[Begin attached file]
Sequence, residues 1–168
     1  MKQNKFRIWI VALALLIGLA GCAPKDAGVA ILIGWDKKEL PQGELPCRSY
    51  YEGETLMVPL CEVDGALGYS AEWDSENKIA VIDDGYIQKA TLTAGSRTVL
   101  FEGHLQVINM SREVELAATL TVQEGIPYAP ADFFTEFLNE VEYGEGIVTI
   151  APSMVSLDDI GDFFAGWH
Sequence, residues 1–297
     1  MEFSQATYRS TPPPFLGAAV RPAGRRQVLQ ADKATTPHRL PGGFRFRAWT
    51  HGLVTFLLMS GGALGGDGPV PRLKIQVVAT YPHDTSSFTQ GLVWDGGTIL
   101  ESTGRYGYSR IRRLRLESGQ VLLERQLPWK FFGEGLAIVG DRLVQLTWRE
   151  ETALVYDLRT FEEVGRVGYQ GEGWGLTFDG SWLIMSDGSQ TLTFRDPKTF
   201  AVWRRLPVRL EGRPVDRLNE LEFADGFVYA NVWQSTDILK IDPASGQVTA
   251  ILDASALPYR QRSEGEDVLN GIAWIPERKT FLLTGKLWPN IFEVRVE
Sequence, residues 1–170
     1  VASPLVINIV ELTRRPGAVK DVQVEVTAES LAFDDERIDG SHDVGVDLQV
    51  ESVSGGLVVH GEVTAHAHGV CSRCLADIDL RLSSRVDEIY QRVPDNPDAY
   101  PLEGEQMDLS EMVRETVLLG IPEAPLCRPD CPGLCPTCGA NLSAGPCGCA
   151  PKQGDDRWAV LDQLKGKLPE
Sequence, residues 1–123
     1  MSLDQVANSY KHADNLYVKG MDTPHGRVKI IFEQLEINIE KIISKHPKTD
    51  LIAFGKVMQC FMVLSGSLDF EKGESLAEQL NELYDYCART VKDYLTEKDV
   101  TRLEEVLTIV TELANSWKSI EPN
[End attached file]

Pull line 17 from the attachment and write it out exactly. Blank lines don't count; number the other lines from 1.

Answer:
   151  PKQGDDRWAV LDQLKGKLPE